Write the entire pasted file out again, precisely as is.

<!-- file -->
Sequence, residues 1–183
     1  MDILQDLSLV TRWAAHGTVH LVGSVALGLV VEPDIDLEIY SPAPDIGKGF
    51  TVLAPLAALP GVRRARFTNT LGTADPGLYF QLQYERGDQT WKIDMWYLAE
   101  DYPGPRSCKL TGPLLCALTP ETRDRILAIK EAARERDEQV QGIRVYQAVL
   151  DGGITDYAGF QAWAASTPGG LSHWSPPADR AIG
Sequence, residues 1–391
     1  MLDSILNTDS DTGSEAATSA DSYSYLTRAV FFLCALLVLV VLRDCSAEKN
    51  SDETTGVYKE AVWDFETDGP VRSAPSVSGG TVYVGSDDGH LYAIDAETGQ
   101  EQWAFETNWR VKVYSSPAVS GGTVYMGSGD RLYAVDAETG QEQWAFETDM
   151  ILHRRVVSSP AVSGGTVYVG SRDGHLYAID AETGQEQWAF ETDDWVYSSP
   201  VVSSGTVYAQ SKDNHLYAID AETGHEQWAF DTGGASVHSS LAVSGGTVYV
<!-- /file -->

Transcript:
Sequence, residues 1–183
     1  MDILQDLSLV TRWAAHGTVH LVGSVALGLV VEPDIDLEIY SPAPDIGKGF
    51  TVLAPLAALP GVRRARFTNT LGTADPGLYF QLQYERGDQT WKIDMWYLAE
   101  DYPGPRSCKL TGPLLCALTP ETRDRILAIK EAARERDEQV QGIRVYQAVL
   151  DGGITDYAGF QAWAASTPGG LSHWSPPADR AIG
Sequence, residues 1–391
     1  MLDSILNTDS DTGSEAATSA DSYSYLTRAV FFLCALLVLV VLRDCSAEKN
    51  SDETTGVYKE AVWDFETDGP VRSAPSVSGG TVYVGSDDGH LYAIDAETGQ
   101  EQWAFETNWR VKVYSSPAVS GGTVYMGSGD RLYAVDAETG QEQWAFETDM
   151  ILHRRVVSSP AVSGGTVYVG SRDGHLYAID AETGQEQWAF ETDDWVYSSP
   201  VVSSGTVYAQ SKDNHLYAID AETGHEQWAF DTGGASVHSS LAVSGGTVYV